THE highlight of the year came just 48 hours after Monsieur Soumillon’s brain fade when, despite the rain and the mud, the Qatar Prix de l’Arc de Triomphe produced a denouement worthy of the continent’s most prestigious contest.
Some were talking down the race beforehand, bemoaning William Haggas’ ultimately far-sighted decision not to put Baaeed’s unbeaten record on the line over a distance and on ground that would surely have proved his undoing.
Even the doubters were then won round by a race that saw the best European five-year-old beat the best three-year-old and the best four-year-old, all representing different countries, the trio clear of the remainder with the best that Japan could offer nowhere to be seen.
Victory for Alpinista was the crowning moment of not one, not two, but three careers.
First, and most prominently, that of 74-year-old trainer Sir Mark Prescott, who in his half century as proprietor of Heath House Stables, Newmarket, had earned widespread admiration, though sometimes more for his wit, anecdotes and old-school attitudes towards staff loyalty and discipline rather than for what his horses achieved on the track.
Then we have another septuagenarian, the successful owner-breeder, Swedish-born Kirsten Rausing. She may be one of the world’s richest women, thanks to her family’s invention of the Tetra Pak food packaging system, but that does not make her lifelong devotion to the thoroughbred racehorse any less passionate.
The sport is lucky to have her and the impact of the time and money that she gives to a large number of equine causes throughout Europe is profound.
Lastly, we come to the winning jockey, Luke Morris, who produced a picture-perfect performance aboard the daughter of Frankel even though this she was by far the highest pressure ride of his life.
Momentarily, the man best known for his hard work and partnering of countless winners on the unglamorous all-weather circuit in the depths of winter became a global superstar.
Most Memorable Moment (and not in a good way)
Soumillon suspension cast shadow
IS there something rotten in the state of France’s weighing rooms?
The suggestion may be unpalatable to many, but it simply has to be asked given that the image that will remain with me the longest from watching French racing over the past 12 months is that of Christophe Soumillon using his elbow to stop Rossa Ryan from moving up on his outside in a race at Saint-Cloud on September 30th.
Co Galway-born Ryan was unseated and Soumillon was rightly handed a 60-day ban and lost his job as retained rider to owner-breeder the Aga Khan as a result.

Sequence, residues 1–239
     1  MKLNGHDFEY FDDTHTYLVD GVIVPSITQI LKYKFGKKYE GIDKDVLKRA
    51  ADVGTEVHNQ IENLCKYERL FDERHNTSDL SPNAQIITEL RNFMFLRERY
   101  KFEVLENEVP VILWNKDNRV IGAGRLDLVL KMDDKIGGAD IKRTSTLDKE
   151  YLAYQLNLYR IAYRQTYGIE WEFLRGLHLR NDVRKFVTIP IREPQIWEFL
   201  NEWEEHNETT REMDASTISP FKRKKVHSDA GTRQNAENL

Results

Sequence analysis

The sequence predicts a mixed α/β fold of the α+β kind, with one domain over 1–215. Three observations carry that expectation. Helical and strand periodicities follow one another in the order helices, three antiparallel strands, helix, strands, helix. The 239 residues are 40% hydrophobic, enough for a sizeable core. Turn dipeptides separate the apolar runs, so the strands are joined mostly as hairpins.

He was swift to apologise for his moment of madness and accepted his punishment, but the really worrying aspect of the whole affair is that this was the third shocking incident involving a senior member of the French weighing room in little over two years.
In case you have forgotten, Pierre-Charles Boudot remains on bail waiting to be tried for the alleged rape of a female member of stable staff in an incident at Cagnes-sur-Mer in February 2021.
And Kevin Nabet was banned for six months after being found guilty of assaulting and breaking the jaw of fellow rider Baptiste Dubourg in the changing room at La Teste Racecourse, apparently in retribution for having cut up his inside in a racing manoeuvre a few minutes earlier, in July 2020.
Soumillon and Boudot have 13 golden whips, trophies awarded to France’s champion jockey, on their combined mantelpieces, including a shared title in 2015, while Nabet has finished in the top ten of the nation’s jump jockeys every year for the past decade.
Now Soumillon’s crime, though having the potential to cause grievous injury, was surely just a split-second lapse of reason and nowhere near as heinous as the other two.
I wish the contrite Belgian-born 41-year-old, who was generous with his time and came up with his usual thoughtful answers when I spoke to him on behalf of The Irish Field just a few weeks before the incident in question, a speedy rehabilitation in 2023.
But for three different high profile jockeys to perpetrate such horrendous acts over a relatively short timeframe hints that there may be a deep malaise within the French riding fraternity.
Possibly it is simply reflection of French society as a whole, another interpretation would be to link it to testosterone-fueled male professional athletes, but the sorry sequence of events makes even the highly regrettable Robbie Dunne/Bryony Frost feud seem insignificant in comparison. At least that was only words, not deeds.
Themes Of The Year
O’Brien juveniles dominate in France